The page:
Additional features of the present invention include: (i) integrated live market data feeds; (ii) submission of bids on a spread basis as well as a price basis (the accepted industry norm); (iii) the ability to automatically take a basis point spread bid, add it to the underlying benchmark yield (such as the ten year Treasury note's) and then calculate the all-in yield for the security being sold and publishing the price that reflects the spread bid. The integration of live market data feeds enables the Bid Ladder to dynamically adjust all prices within the Bid Ladder to reflect any market movements or fluctuations in real time with no user input or browser refreshing. This feature provides superior reliability and price accuracy to users, because existing web-based systems require users to repeatedly re-fresh their Internet browser to monitor market movements.
The reason for the conversion from a spread bid to a dollar price bid is necessary since absolute dollar price is important in the trading of structured products (mortgage backed securities tend to begin lagging US Treasuries as they approach PAR). Thus, it is a very valuable of the present invention for participants to see the dollar price that corresponds to a spread bid change instantaneously as the market moves and the auction process progresses.
All bids are live and are firm orders to purchase securities. In the preferred embodiment of the trading system, all bids are kept live and firm for a minimum time period, after which time the bid, or bids may be cancelled at anytime. A ten-second minimum rule is preferred to discourage impropriety on the system. In addition, it is also preferable that all users of the present invention be trained and required to sign a binding user agreement that lists all rules governing the system's trading platform prior to being issued a password.
The present invention also addresses the problem of cancellation of bids. Currently, when customers wish to cancel a bid, they must call back their salesperson to pull the bid, the salesperson then has to yell to the trader that the “bid is out” and then the entire phone chain must relay confirmation of the cancellation back to the customer. Almost all structured product trading today occurs through this antiquated phone chain system. In the disclosed system, however, a customer can cancel a bid at the click of a mouse and forego the time intensive phone chain.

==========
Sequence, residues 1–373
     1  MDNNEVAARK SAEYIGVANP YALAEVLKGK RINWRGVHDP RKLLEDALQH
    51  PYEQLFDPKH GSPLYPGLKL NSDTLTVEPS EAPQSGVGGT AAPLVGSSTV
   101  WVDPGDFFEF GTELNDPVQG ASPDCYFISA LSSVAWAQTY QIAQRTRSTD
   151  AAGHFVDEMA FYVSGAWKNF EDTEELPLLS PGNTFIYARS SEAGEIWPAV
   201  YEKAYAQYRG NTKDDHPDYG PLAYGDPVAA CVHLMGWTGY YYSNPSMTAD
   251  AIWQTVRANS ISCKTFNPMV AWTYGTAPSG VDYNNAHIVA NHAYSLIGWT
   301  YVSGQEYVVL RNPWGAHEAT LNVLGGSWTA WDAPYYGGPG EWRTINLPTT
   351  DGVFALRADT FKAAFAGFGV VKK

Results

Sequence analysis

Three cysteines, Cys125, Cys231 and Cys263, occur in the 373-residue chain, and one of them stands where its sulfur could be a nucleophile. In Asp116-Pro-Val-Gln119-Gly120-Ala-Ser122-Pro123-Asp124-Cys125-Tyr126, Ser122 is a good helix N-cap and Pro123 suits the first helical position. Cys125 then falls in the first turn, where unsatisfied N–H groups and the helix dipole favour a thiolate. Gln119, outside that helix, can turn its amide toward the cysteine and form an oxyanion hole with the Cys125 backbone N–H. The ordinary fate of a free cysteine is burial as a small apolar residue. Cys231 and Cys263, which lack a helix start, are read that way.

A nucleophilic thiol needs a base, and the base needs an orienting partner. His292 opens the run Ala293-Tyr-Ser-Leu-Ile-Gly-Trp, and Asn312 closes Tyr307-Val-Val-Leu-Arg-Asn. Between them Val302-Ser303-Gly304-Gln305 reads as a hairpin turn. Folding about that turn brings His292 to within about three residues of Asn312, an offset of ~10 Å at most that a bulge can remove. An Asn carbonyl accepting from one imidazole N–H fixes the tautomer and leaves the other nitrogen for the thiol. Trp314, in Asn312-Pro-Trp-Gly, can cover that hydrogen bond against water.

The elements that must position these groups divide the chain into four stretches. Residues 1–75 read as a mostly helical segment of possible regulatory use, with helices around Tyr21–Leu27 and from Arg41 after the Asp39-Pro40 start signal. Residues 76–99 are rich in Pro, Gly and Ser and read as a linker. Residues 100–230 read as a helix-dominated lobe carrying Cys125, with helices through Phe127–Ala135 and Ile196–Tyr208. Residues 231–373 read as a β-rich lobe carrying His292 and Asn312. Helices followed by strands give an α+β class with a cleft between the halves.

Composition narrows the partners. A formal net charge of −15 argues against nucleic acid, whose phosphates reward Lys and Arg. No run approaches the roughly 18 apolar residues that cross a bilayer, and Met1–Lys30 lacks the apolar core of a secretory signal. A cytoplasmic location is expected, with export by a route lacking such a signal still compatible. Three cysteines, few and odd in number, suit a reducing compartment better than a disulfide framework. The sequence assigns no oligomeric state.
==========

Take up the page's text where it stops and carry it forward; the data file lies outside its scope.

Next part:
The “10 second rule” is also important because it eliminates the common practice of “propping the market.” “Propping the market” is a practice whereby an institution will submit an artificially high bid to scare off other likely suitors of the same security. Then the institution that is “propping the market,” can reduce its bid at the last moment and purchase the security at a much more favorable level with considerably less competition. The ten-second rule accomplishes this because sellers have the ability to instantly end an auction prior to the specified auction close time if they happen to see a particularly strong bid submitted. The requiring of all bids to be firm for a minimum of ten seconds will eliminate this practice because of the significant risk of being forced to purchase the securities at a higher than normal price.
There are many unique features of the Bid Ladder system that are entirely different from the way business is transacted today. One feature is that the Bid Ladder system allows buyers and sellers to directly interact and trade while remaining anonymous. Today, customers who are interested in purchasing securities from a “Bid List” circulating throughout Wall Street have no means of accessing it directly. The only way an institution can participate in the bidding for securities from a “Bid List” is through a broker dealer. This puts the investor at a distinct disadvantage because the broker dealer acting as the intermediary between the buyer and the seller will use its discretion and create a difference between the bid submitted to them from the interested buyer, and the seller. The dealer will keep the difference between the interested buyer and the seller as a profit. As business is currently conducted today, the buyer and seller never know where the seller sold, or where the buyer bought. It is all clouded in secrecy by the dealer intermediary. The Bid Ladder system eliminates this inefficiency from the market completely, and dramatically increases market transparency.